Treatment was divided into a “primary phase” where all patients were followed by the investigators and an ongoing “outpatient phase” where many patients were referred to outlying primary care follow-up due to patient cap constraints. Primary treatment involved a 23–48 h inpatient admission for induction, participation in 5 weeks of intensive outpatient (IOP) counseling (3 h/day, 4 days/week), followed by 12 weeks of weekly once aftercare sessions (Caldiero et al., 2006). Following primary treatment, bup/nx office follow-up involved monthly visits with ongoing 12-step meeting attendance (three each week) and quarterly toxicology testing. The ADASB grant required low SES patients to participate in 1–2 months of half-way house level of care between the induction and IOP treatment phase.

Full adherence (attendance, participation and abstinence) to each level of treatment was required. Non-adherence or substance use resulted in referral back to the next highest level of care. Repeated substance use or non-adherence resulted in taper off of bup/nx and discharge.

After obtaining Human Subjects Committee review from the medical center IRB, chart reviews from hospital and outpatient clinic records were conducted by two Addiction Psychiatry Fellows using a standardized chart review form. A Fellow attempted to phone each patient at a minimum of 18 months (and a maximum of 42 months) after induction. Informed consent was obtained and the structured interview was conducted, including questions on opioid and other alcohol or drug use, continuous bup/nx medication use, and social, role and occupational function from the Shortened Inventory of Problems (SIP-AD).

Chart review and telephone interview forms were scanned into an SPSS database. Simultaneous equations were modeled to test hypothesized interrelationships between patient factors, treatment factors, and outcomes at least 18 months after bup/nx induction. Retention in bup/nx treatment was modeled by discrete time survival analysis (Muthén, 2001).

3. Results

Over 30 months 176 subjects were inducted on bup/nx and eligible for follow-up. 33% were female; 73% Caucasian, 21% Black, and 5% Hispanic, consistent with the overall racial characteristics of opioid-dependent patients in the region. 110 of 176 (63%) completed the follow-up telephone interview at least 18 months post-induction. Table 1 contains basic pre-induction demographic, drug use history, medical, legal, and psychosocial data. There were no significant differences in the baseline characteristic variables between subjects who completed the telephone interview and those who did not except that non-completers were more likely to have an arrest history (equation M1, p = 0.03).

Table 1
Demographic, drug use, and other intake variables shown for subjects initially enrolled in the study and the subset of those individuals available for follow-up.

Table 2 presents data on the 110 follow-up patients regarding continuous bup/nx therapy, substance use, AA affiliation, employment, psychosocial functioning and several other demographic, socioeconomic, medical and legal variables. The majority of patients completing phone follow-up were Caucasian (73%), male (67%), and had a significant other (58%). 52% of subjects were low SES, 48% were high SES, and 88% were heroin users with 74% reporting I.V. use. Depression (41%) and hepatitis C (34%) were the most common medical comorbidities and 39% reported prior psychiatric treatment. 61% of patients reported prior legal problems with 35% having been incarcerated.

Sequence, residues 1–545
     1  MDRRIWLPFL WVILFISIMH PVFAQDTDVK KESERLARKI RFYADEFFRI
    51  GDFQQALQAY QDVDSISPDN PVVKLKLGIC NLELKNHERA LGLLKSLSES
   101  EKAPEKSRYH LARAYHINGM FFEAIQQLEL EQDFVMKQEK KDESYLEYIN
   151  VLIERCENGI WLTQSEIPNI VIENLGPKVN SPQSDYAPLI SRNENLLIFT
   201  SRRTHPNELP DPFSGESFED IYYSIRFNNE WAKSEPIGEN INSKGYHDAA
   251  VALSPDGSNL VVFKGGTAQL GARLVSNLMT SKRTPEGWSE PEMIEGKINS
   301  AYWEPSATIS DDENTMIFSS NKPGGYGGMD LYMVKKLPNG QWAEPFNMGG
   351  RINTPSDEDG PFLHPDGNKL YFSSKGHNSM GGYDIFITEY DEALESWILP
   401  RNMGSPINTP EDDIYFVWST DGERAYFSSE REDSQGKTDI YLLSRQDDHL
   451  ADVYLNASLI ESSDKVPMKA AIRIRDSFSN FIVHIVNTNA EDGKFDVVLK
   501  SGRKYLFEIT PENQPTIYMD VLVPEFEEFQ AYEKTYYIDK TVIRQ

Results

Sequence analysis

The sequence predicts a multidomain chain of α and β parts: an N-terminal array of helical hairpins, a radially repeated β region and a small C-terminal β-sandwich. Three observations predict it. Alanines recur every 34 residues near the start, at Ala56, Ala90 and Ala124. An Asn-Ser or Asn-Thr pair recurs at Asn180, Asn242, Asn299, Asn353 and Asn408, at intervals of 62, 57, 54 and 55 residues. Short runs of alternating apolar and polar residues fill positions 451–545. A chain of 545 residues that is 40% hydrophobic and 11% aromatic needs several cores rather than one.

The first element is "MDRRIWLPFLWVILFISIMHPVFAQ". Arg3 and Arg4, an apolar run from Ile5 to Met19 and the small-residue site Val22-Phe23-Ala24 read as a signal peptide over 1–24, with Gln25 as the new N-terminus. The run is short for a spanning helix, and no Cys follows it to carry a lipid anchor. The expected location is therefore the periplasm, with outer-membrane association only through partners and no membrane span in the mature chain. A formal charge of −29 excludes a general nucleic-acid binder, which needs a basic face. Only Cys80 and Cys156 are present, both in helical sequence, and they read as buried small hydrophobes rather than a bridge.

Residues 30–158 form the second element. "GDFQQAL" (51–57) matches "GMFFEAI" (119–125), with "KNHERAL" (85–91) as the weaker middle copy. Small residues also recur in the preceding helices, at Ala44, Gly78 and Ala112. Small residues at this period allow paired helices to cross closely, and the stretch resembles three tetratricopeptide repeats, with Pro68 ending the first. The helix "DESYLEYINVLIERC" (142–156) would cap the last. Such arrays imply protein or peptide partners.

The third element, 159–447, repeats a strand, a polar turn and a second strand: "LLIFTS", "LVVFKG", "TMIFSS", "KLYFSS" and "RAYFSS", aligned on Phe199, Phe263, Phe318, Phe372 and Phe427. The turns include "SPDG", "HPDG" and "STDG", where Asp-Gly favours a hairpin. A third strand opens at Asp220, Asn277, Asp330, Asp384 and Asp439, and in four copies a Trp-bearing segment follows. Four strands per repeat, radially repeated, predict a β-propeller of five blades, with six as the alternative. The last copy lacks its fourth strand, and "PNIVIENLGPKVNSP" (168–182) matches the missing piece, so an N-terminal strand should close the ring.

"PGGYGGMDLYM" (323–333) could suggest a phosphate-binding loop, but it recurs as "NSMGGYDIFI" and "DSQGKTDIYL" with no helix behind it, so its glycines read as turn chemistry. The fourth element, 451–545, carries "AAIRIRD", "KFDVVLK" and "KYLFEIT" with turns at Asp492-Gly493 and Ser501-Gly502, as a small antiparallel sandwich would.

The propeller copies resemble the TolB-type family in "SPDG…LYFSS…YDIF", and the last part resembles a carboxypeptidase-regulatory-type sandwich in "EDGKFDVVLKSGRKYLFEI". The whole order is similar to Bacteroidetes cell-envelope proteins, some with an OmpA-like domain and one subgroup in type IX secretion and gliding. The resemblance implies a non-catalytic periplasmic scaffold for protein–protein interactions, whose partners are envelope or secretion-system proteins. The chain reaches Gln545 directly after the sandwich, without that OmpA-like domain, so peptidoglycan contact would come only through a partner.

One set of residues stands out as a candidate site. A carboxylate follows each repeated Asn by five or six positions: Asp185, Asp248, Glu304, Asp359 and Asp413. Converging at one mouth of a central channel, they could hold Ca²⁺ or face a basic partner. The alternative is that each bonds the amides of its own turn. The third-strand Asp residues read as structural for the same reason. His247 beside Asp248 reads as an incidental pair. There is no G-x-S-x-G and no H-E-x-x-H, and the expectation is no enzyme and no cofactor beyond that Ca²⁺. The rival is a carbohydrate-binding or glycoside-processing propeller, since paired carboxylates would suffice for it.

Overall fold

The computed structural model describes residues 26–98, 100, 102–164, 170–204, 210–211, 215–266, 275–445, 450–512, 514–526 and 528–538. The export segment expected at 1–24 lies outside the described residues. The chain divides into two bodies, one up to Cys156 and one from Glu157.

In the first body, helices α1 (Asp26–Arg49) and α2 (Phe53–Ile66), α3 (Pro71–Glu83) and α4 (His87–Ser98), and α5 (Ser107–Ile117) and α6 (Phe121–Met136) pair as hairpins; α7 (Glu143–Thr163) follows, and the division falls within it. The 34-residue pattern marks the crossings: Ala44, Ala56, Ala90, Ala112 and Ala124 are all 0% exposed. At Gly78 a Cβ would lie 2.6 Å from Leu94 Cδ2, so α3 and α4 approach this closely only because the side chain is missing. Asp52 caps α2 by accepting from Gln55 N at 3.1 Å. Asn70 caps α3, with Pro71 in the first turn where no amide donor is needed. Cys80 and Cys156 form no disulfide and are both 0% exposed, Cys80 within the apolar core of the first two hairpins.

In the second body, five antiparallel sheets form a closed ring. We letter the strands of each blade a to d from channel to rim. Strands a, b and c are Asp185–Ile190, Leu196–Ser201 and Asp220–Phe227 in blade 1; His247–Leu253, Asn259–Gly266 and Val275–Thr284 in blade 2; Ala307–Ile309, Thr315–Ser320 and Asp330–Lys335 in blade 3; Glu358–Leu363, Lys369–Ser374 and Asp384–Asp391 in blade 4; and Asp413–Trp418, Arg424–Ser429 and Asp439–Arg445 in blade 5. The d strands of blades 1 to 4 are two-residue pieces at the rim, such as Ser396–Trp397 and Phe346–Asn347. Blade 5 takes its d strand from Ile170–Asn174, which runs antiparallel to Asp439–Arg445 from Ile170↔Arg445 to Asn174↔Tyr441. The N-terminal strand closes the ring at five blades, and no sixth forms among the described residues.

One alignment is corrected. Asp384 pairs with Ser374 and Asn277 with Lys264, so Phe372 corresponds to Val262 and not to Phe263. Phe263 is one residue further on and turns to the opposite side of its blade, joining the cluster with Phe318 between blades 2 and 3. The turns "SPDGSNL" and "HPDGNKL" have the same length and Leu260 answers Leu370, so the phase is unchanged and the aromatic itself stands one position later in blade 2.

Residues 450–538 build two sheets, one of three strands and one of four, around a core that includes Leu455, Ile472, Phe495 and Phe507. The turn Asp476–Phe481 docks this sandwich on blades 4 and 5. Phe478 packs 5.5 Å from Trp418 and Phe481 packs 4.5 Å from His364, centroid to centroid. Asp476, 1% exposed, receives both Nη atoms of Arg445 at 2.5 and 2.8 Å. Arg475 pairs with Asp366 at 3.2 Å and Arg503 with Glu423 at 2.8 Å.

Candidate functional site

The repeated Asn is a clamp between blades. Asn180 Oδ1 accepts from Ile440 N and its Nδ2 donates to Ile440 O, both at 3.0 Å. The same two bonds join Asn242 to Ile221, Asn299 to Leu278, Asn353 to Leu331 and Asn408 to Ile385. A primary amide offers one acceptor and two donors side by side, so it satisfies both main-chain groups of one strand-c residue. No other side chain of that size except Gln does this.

Table 2
Addiction related Intake and outcome variables by insurance status and continued bup/nx use at follow-up.

At follow-up, 77% of subjects reported that they had continuously remained on bup/nx. Patients on continuous bup/nx were significantly less likely to report using any substance (χ2 = 6.26, p = 0.012) and were less likely to report using heroin (χ2 = 8.1, p = 0.004). Continued bup/nx patients were significantly more likely to report AA affiliation (χ2 = 5.49, p = 0.019), including a “home group”, a “sponsor”, and attending 3+ 12-step meetings per week (χ2 = 4.72, p = 0.029). Those on bup/nx were significantly more likely to have been employed at baseline (χ2 = 4.92, p = 0.027) and at follow-up (χ2 = 4.89, p = 0.027).

Regarding psychosocial parameters, patients continuously on bup/nx were less likely to reported damaging a close relationship (χ2 = 6.07, p = 0.014), doing regretful or impulsive things (χ2 = 4.89, p = 0.027), hurting family (χ2 = 8.52, p = 0.004), experiencing negative personality changes (χ2 = 4.43, 0.035), failing to do things expected of them (χ2 = 9.54, p = 0.002), taking foolish risks (χ2 = 11.36, p = 0.0008), being unhappy (χ2 = 9.27, p = 0.002), and having money problems (χ2 = 5.97, p = 0.015). The study design did not allow these results to be controlled for opioid abstinence.

SES sub-group analysis indicated that high SES subjects were more likely to be from a minority background (χ2 = 6.82, p = 0.009) and were more likely to have a significant other (χ2 = 12.36, p = 0.0004). High SES subjects were more likely to be employed at baseline (χ2 = 4.84, p = 0.028), but not at follow-up. Low SES subjects were more likely to report still being on bup/nx at the time of follow-up. There was more substance use at follow-up in the low SES subjects (χ2 = 4.09, p = 0.0432).

4. Discussion

This study is one of the largest case series to date to report outcomes of office-based bup/nx maintenance with minimum 18-month follow-up data. The goals of the present study were to determine the proportion of subjects still using bup/nx at follow-up, to compare levels of functioning in continuously maintained bup/nx patients with those who dropped out, and to assess whether pre-treatment variables including SES were predictive of treatment retention.